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July 4, 2013

Land of the Free, Home of the Brave

CLAREMORE —

Of all the national anthems across the globe, The Star Spangled Banner might be most difficult to sing.
Its melody spans one and a half octaves. For the average vocalist it’s a challenge.  Francis Scott Key’s words set to John Stafford Smith’s melody tells the story of the attack on Fort McHenry during the War of 1812.
Key witnessed the bombardment by the British, but the American soldiers defended the fort and the flag bore witness to continued freedom.
Seventy-seven years later, the Star Spangled Banner became the official tune to be played at the raising of the flag by order of Secretary of the Navy Benjamin F. Tracy.  It wasn’t until 1931 that the song became our national anthem.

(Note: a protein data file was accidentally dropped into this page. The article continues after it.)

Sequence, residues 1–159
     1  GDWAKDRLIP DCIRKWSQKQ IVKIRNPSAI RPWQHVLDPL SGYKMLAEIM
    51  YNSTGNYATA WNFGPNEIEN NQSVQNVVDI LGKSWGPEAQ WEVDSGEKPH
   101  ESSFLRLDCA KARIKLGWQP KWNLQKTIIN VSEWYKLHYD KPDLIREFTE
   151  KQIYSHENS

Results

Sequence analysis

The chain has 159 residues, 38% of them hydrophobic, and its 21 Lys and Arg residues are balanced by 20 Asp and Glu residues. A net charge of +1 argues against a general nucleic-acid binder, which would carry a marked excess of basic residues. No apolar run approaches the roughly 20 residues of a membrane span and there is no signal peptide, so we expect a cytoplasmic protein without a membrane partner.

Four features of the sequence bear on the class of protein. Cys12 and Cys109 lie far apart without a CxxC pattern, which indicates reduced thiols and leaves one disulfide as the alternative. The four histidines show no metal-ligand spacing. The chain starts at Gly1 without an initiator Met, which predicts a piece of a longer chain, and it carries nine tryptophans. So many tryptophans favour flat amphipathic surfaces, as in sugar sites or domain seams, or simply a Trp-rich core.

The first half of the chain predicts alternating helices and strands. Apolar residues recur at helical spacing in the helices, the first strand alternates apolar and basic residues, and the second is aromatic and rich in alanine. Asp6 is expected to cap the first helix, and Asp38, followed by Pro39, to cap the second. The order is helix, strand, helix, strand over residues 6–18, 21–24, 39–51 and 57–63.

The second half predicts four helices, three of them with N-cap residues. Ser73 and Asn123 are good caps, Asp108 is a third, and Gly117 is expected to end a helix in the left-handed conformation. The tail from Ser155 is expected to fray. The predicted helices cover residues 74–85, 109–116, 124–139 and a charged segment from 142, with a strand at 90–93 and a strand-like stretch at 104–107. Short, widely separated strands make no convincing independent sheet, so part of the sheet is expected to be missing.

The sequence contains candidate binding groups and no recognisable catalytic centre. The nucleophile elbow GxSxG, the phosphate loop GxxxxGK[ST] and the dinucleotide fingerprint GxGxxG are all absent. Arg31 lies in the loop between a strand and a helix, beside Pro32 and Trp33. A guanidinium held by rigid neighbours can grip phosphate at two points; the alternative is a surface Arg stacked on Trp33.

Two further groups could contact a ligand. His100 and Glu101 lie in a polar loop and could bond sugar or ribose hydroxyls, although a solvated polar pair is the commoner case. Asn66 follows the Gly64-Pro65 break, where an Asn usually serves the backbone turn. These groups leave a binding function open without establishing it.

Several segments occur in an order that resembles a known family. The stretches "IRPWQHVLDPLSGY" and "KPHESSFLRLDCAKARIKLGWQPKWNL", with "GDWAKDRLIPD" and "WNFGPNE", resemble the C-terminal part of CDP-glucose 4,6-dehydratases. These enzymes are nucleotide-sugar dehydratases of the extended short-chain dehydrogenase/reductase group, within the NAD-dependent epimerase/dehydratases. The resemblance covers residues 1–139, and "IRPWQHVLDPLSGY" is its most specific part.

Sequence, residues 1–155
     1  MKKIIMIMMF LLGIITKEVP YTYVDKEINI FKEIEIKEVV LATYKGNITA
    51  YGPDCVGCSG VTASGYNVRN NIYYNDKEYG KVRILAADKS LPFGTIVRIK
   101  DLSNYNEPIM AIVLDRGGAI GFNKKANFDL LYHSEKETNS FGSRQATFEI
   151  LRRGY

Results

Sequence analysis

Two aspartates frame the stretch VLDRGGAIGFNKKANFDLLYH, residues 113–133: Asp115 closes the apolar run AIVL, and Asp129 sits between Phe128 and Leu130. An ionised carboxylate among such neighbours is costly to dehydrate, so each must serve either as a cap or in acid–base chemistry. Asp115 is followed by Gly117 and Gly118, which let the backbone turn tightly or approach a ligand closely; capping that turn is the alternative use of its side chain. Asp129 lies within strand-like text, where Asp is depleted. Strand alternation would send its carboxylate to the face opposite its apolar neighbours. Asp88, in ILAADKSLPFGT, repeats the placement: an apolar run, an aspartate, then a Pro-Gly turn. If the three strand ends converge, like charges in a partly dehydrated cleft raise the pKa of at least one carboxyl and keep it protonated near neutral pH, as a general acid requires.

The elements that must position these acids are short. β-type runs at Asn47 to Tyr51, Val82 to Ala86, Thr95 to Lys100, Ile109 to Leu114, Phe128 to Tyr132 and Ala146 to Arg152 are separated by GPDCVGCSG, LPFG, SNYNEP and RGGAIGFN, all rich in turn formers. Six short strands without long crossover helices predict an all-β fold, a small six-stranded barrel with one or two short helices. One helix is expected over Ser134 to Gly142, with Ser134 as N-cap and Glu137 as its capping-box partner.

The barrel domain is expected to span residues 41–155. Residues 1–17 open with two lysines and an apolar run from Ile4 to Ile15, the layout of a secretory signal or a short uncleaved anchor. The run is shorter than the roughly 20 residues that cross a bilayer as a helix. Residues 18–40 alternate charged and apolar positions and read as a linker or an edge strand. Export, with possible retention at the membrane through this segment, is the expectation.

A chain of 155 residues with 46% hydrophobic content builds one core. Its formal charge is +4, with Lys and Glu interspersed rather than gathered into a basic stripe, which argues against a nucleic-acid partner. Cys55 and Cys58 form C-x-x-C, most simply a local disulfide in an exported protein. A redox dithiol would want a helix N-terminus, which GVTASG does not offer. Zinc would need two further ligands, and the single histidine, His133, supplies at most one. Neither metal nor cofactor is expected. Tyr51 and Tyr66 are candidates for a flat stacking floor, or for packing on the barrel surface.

We hear the anthem performed before sporting events. Many times fans drown out the final words with “play ball!” or “Oklahoma.” When this happens, the anthem is diminished a tiny bit.
It is especially moving when our athletes stand on the podium at the Olympics and we hear it. 
The stirring of emotions and pride well up inside, as the final line is sung - O’er the land of the free and the home of the brave.  Athletes find it difficult to hold back tears of pride.
There have been a couple of occasions when I was asked to sing our national anthem. It was a privilege and an honor. It was nerve racking as well.
The nerves were not about hitting the high note at the end, but making sure I didn’t rearrange the words. 
Time and time again, we’ve seen artists hiccup the song. It is very easy to do.
When I hear the anthem, I feel a sense of pride. I reflect on how fortunate I am to live in a country that affords each one of its citizens freedom. No other country allows its citizens to experience freedom the way we do.

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